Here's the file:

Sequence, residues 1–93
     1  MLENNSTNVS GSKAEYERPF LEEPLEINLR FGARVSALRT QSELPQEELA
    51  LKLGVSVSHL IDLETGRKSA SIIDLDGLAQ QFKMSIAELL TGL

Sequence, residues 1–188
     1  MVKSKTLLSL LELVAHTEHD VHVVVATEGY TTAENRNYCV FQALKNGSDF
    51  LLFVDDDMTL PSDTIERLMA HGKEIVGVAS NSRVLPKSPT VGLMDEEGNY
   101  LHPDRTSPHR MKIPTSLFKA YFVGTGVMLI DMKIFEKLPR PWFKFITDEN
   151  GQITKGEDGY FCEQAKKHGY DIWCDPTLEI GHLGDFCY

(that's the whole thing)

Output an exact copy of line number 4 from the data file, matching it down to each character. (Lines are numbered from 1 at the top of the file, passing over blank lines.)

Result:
Sequence, residues 1–188